Slovenia Tourism’s Nationwide Green Scheme

Leaders seeking to establish sustainable tourism programs often face a challenge when trying to do it across regions and political boundaries. Yet Slovenia has created a program that has been adopted by communities throughout the country, creating an ecosystem of some 60 sustainable destinations. The Green Scheme of Slovenian Tourism…READ MORE →

Slovenia’s Green Gourmet Tourist Route

The process of expanding the Green Scheme of Slovenian Tourism inspired Jana Apih and Sara Mavrič of GoodPlace to make a step toward putting the Slovenia Green concept into practice. Here they describe how uniting stakeholders committed to a greener future can transform sustainability principles into memorable and tasty experiences for visiting bicyclers and hikers, who thereby support responsible local businesses.

A Delicious Way to Promote Sustainability, Educate the Visitor, and Benefit Communities

You’re bicycling along the Slovenia Green Gourmet Route (SGGR). In this green pocket-size country the landscape changes fast. Around each corner you’ll find a new local story, an untouched forest, romantic… READ MORE →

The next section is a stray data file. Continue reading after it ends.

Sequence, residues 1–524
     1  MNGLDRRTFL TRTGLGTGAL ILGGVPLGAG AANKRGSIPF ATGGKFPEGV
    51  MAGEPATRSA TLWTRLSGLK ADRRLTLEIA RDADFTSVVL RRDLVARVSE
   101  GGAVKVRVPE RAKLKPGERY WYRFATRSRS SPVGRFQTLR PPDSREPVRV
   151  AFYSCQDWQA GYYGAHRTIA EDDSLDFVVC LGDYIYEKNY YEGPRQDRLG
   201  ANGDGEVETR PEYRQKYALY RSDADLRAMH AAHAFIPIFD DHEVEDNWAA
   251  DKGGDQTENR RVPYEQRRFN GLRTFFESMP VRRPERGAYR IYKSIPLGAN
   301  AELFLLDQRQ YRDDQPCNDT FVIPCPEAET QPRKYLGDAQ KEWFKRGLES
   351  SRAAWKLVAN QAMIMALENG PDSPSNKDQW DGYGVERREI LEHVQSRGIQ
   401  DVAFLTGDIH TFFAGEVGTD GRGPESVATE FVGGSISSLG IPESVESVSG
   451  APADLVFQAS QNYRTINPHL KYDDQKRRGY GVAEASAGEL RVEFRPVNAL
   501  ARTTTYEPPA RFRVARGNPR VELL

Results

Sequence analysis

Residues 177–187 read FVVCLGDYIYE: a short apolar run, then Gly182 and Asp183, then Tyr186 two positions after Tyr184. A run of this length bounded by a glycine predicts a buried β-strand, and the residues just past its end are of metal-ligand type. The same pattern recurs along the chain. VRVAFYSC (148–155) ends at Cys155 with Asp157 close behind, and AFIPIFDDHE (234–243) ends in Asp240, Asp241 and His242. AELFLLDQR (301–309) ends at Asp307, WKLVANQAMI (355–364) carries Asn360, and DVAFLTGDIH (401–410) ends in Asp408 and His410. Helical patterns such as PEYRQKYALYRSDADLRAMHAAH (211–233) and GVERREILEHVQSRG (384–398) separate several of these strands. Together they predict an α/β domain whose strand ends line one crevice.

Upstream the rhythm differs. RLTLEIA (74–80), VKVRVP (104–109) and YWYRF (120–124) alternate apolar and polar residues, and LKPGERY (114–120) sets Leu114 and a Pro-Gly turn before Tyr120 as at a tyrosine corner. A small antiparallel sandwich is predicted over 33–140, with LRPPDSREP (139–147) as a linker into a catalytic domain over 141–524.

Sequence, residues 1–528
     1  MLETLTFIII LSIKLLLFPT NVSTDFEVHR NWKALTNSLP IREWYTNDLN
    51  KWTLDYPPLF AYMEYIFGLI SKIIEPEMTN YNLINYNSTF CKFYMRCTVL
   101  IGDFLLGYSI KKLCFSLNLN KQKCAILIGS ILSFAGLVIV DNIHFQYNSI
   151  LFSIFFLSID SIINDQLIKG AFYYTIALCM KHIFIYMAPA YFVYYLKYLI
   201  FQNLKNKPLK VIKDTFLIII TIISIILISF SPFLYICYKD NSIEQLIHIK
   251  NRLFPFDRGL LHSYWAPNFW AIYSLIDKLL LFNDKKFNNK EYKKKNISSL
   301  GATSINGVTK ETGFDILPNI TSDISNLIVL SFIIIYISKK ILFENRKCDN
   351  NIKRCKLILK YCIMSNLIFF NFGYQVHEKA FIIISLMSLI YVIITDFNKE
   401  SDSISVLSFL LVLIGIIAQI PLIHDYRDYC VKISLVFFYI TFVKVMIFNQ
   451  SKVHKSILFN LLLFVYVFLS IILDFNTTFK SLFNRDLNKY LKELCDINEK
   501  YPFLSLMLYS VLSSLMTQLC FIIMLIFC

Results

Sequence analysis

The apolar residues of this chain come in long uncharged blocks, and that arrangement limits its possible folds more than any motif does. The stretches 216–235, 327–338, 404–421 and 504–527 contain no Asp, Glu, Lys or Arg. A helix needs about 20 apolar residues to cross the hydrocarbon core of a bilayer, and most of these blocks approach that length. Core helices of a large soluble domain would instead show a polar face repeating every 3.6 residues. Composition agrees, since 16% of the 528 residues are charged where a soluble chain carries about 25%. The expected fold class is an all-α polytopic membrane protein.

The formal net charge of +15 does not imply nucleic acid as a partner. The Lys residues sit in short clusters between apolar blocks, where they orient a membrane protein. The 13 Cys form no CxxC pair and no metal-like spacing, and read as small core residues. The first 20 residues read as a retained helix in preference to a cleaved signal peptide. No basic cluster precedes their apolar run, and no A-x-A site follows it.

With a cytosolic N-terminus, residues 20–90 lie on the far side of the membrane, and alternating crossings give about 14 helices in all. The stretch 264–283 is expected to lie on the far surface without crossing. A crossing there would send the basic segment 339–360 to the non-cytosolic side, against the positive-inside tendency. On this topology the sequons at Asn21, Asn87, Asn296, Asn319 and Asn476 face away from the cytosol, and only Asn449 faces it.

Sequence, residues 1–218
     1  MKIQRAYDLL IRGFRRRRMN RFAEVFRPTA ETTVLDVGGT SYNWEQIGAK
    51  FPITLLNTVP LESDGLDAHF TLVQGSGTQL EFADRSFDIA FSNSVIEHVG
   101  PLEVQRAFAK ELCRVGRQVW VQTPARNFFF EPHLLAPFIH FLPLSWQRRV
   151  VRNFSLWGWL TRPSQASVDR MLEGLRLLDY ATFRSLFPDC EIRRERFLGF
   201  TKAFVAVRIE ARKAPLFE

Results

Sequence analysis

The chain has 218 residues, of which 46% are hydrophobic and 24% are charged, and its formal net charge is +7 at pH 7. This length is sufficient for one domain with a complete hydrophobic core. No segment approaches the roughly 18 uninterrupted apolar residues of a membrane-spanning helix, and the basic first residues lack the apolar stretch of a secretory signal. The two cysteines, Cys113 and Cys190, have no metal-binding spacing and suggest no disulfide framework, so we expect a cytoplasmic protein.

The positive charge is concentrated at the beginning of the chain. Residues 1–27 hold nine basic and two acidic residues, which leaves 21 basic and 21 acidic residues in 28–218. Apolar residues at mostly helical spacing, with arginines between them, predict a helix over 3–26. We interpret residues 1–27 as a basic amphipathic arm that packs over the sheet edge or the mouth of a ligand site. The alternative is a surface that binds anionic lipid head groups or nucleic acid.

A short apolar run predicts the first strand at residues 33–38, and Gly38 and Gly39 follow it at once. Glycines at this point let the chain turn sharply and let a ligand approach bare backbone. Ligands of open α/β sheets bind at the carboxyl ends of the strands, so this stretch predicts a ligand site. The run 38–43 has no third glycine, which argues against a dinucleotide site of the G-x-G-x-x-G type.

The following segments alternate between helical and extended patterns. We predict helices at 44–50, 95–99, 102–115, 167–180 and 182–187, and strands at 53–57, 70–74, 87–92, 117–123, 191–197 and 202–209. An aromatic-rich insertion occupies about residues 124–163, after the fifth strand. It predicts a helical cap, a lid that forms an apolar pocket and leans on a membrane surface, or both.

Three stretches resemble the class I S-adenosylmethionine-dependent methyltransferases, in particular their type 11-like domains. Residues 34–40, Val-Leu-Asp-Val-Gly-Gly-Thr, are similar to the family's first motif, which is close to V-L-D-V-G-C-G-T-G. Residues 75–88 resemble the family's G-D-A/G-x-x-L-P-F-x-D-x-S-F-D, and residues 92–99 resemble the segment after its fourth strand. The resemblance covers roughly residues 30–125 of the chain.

Svalbard Overheating

With its coal mines now closing, Norway’s polar archipelago of Svalbard faces a unique set of threats: disrupted tourism, rising temperatures, and increased international vying for arctic control. Yet its extreme location also provides a unique set of opportunities for reviving tourism, according to this communiqué from Arild Molstad.

Breaking News from the Island of the Polar Bears

The inhabitants of Spitsbergen – all two thousand of them – don’t have to pore over the United Nations’ climate change reports to feel that something’s not right. On the only populated island in the Svalbard archipelago, a mere 90 minutes’ flight from the North Pole, bursts of rain are beginning to appear in February. Tourists who fly from… READ MORE →